What pretty much ruined the movie for me though was something different. This just isn't much of a Batman movie. And by that I don't even mean the subjectively very short screentime that the caped crusader himself had, which is absolutely the case.
I've said this already in regards to Batman comics that revolve around aliens, time travel, parallel dimensions, magic and all that bullshit: Batman should be about a man that fights street crime with his devotion, physical training and detective skills and uses a certain imagery to induce fear. That's it. With The Dark Knight Rises, Nolan tries to make this grand scale epic about war and riots and a society collapsing while the last few good men try to fight against the oppressors bla bla bla, mixes in some obvious imagery about overcoming obstacles and then trows Batman into it for a few moments as if he didn't feel like making a Batman movie but he still has to use that character so the studio will be ok with it. It looses complete track of what Batman is about. The Dark Knight still had the mafia and a maniac criminal with a theme in it and it was fine. The Dark Knight Rises feels like a movie about the police and social unrest and three times, Batman shows up as well. I long for a grimdark realistic Batman movie where he saves a lady from muggers, fights the Falcone family and spends time in the Batcave investigating leads in ways the police can't.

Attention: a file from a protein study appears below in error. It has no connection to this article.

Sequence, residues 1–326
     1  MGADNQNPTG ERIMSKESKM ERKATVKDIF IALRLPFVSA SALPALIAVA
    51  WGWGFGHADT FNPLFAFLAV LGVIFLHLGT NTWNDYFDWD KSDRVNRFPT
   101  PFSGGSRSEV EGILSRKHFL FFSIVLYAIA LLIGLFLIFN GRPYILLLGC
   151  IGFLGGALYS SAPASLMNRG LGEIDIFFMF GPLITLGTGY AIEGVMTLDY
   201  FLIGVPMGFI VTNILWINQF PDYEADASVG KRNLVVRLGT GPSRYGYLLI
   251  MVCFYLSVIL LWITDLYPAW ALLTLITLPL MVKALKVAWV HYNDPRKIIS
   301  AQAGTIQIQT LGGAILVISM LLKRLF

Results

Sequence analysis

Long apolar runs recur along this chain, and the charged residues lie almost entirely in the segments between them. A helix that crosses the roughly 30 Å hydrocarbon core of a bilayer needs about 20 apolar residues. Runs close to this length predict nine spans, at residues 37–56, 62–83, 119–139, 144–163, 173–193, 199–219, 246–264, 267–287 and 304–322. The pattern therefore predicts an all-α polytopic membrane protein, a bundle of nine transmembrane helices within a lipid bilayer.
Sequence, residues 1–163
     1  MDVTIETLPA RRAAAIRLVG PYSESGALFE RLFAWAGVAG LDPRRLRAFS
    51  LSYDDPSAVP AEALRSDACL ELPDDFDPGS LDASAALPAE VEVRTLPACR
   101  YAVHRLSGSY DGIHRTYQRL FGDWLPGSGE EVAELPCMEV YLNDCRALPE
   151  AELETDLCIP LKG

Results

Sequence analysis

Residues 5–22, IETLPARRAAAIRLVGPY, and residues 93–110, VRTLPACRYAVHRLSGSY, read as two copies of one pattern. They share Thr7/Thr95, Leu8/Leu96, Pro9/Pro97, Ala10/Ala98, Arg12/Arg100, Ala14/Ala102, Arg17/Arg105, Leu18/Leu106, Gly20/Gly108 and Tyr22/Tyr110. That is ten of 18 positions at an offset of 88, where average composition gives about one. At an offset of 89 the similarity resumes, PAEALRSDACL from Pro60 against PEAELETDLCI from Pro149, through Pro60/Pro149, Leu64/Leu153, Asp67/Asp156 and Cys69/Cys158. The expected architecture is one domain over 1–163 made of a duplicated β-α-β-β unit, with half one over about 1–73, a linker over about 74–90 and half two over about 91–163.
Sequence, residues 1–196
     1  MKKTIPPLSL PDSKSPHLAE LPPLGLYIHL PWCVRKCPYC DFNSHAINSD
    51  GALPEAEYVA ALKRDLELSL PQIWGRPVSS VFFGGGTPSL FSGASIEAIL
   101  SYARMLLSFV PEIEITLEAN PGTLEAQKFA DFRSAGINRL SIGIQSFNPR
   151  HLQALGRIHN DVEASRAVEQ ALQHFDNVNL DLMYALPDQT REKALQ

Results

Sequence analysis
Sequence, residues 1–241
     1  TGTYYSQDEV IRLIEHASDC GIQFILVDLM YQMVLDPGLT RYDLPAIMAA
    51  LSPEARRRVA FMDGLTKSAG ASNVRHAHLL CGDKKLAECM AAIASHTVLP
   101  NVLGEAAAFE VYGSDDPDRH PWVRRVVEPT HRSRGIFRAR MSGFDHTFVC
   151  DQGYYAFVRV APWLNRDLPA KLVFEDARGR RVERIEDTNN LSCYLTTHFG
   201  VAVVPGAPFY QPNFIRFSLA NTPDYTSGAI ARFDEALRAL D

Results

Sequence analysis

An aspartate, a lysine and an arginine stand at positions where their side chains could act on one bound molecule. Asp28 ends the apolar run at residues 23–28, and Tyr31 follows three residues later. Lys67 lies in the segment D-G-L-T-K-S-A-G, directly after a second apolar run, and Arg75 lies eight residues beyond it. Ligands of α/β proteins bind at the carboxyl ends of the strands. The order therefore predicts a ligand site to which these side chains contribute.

The Dark Knight Rises makes a bunch of mistakes in terms of storytelling and exaggerates the spectacle a little too much, but what really messed the movie up in my book was the lack of defining Batman elements in it. Of course it's not a terrible film and many people will like it, but when I go to see a Batman movie I want to see The Goddamn Batman doing what The Goddamn Batman usually does. Batman Begins had that and The Dark Knight as well. This one doesn't, making it the weakest part of the trilogy in my eyes. The “epicness” bored me. I can not recommend watching it.